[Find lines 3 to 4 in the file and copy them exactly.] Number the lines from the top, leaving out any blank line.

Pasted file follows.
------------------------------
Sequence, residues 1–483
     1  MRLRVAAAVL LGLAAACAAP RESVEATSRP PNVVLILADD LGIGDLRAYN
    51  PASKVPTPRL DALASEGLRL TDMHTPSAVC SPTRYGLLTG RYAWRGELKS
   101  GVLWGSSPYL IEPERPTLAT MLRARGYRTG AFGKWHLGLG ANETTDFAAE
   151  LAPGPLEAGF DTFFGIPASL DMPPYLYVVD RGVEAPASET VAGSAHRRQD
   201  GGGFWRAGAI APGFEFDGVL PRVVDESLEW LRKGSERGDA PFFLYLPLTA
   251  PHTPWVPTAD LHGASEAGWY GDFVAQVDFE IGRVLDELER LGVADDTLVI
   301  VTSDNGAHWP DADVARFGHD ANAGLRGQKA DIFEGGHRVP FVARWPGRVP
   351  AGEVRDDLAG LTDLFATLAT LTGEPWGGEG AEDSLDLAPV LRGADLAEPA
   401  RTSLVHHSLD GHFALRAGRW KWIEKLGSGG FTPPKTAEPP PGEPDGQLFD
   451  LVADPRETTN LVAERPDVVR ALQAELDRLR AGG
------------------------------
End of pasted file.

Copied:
    51  PASKVPTPRL DALASEGLRL TDMHTPSAVC SPTRYGLLTG RYAWRGELKS
   101  GVLWGSSPYL IEPERPTLAT MLRARGYRTG AFGKWHLGLG ANETTDFAAE